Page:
Return to the Edible Landscape Forum | Post a Follow-Up

Lead in house paint?

Posted by iowafarmersdaughter 4 (My Page) on
Thu, Jun 13, 13 at 18:46

I want to plant some zucchini, and sweet potatoes in a bed under my dining room window. The exterior paint is peeling on my 100+ year old house, and I am sure some of the a paint chips have fallen in the bed. I have no idea how old some of the chips might be, because there probably has been paint on paint through the years. I don't want to spend a lot of money to find out, and it is getting late in the season to wait for test results to come back. Does anyone know if exterior paint contained lead in by gone years, and should I be concerned?

Follow-Up Postings:

RE: Lead in house paint?

Lead paints were banned around 1978; prior to that many housepaints, especially oil-based exterior paints, were likely to contain lead. It would be wise to have the soil tested for lead before growing edibles in it. If you wish to proceed without the soil test, I would recommend planting in containers or in a deep raised bed with landscape cloth beneath the fill to prevent roots from going down into the native soil. Either of these options would mean you would have to pay more attention to watering and fertilizing.

RE: Lead in house paint?

I agree w/ agardenstateof_mind. I've actually done quite a bit of study regarding Pb (lead) as my son (now 14) was lead poisoned before he was 2 y/o and we lived in a beautiful old Victorian. Any house that has been painted and was built prior to 1978 will have lead paint on there somewhere. Paint doesn't have to be peeling. Years of rainwater wash it into the soil. Just opening a window where there is still lead paint even under some latex can created Pb dust. Plantings must be at LEAST 10 feet from the perimeter of the foundation (if any part of the plant will be some how consumed) with the exception of strawberries (funny, huh?). I'm not sure about other berries but roots and especially greens readily take up the lead. It is dangerous to anyone in the surrounding environment (due to wind) to dry scrape leaded paint; one should wet scrape and collect all scrapings in a tarp for hazardous waste disposal. Check with the Iowa State DEM; I imagine that there are laws regarding this and here in New England (many old leaded Victorians), the DEM has classes and a lot of free information/consultants, etc. re: Pb in homes/soil.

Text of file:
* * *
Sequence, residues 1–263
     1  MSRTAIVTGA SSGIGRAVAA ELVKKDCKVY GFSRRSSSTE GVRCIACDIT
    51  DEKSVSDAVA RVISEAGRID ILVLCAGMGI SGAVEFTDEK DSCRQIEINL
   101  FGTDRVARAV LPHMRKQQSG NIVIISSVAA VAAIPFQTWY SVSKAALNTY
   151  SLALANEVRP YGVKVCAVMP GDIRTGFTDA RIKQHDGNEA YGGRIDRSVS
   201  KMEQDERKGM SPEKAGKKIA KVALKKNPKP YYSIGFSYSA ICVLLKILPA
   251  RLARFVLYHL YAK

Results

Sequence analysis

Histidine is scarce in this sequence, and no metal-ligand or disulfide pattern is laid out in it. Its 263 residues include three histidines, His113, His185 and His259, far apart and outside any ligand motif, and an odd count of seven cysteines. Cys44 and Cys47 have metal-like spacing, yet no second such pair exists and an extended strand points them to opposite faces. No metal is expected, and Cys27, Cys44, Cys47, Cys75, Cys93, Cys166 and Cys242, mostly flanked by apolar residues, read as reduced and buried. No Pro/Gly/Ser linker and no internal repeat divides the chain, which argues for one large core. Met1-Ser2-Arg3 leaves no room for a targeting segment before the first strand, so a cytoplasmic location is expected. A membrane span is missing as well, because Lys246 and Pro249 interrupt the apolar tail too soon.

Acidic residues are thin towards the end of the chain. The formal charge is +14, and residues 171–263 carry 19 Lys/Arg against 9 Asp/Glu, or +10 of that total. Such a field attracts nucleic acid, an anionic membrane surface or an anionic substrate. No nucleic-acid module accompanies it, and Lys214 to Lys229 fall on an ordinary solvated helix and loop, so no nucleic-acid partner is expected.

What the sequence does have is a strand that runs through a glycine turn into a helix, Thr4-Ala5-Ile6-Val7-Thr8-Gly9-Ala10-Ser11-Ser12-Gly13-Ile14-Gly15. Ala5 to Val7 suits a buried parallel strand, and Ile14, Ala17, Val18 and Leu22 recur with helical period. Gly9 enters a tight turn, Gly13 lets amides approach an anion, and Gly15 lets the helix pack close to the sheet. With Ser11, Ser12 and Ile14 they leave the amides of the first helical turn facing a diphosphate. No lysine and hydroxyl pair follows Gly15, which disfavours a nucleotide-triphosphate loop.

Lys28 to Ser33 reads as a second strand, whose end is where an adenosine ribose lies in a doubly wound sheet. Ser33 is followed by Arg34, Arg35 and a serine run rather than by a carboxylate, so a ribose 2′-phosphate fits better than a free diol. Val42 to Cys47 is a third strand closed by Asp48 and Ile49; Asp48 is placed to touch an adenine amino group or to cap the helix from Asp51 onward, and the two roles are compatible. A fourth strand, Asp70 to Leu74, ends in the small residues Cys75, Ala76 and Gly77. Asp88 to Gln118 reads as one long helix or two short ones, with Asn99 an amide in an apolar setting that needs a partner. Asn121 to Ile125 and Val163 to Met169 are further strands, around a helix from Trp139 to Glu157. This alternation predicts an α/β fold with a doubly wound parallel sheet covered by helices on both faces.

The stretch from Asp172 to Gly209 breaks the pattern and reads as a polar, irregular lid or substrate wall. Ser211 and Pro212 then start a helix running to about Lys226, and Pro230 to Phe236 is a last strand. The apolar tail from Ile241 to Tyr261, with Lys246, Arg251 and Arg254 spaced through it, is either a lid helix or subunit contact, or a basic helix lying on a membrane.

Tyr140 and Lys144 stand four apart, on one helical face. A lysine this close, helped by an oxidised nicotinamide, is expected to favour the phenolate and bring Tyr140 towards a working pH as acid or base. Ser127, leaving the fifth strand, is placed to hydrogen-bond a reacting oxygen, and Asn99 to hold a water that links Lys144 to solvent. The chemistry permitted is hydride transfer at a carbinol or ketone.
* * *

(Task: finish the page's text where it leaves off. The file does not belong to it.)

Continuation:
RE: Lead in house paint?

A later thought; I think that the above link can answer a lot of questions that you may have re: lead in your soil. That close to your house, you'd 1st need to seal in the lead with special sealants rendering the exterior 'lead safe' and then use raised beds with an impermeable barrier in between the actual original soil and soil brought in from elsewhere.

 o Post a Follow-Up

Please Note: Only registered members are able to post messages to this forum.

    If you are a member, please log in.

    If you aren't yet a member, join now!

Return to the Edible Landscape Forum

Information about Posting

  • You must be logged in to post a message. Once you are logged in, a posting window will appear at the bottom of the messages. If you are not a member, please register for an account.
  • Please review our Rules of Play before posting.
  • Posting is a two-step process. Once you have composed your message, you will be taken to the preview page. You will then have a chance to review your post, make changes and upload photos.
  • After posting your message, you may need to refresh the forum page in order to see it.
  • Before posting copyrighted material, please read about Copyright and Fair Use.
  • We have a strict no-advertising policy!
  • If you would like to practice posting or uploading photos, please visit our Test forum.
  • If you need assistance, please Contact Us and we will be happy to help.

Learn more about in-text links on this page here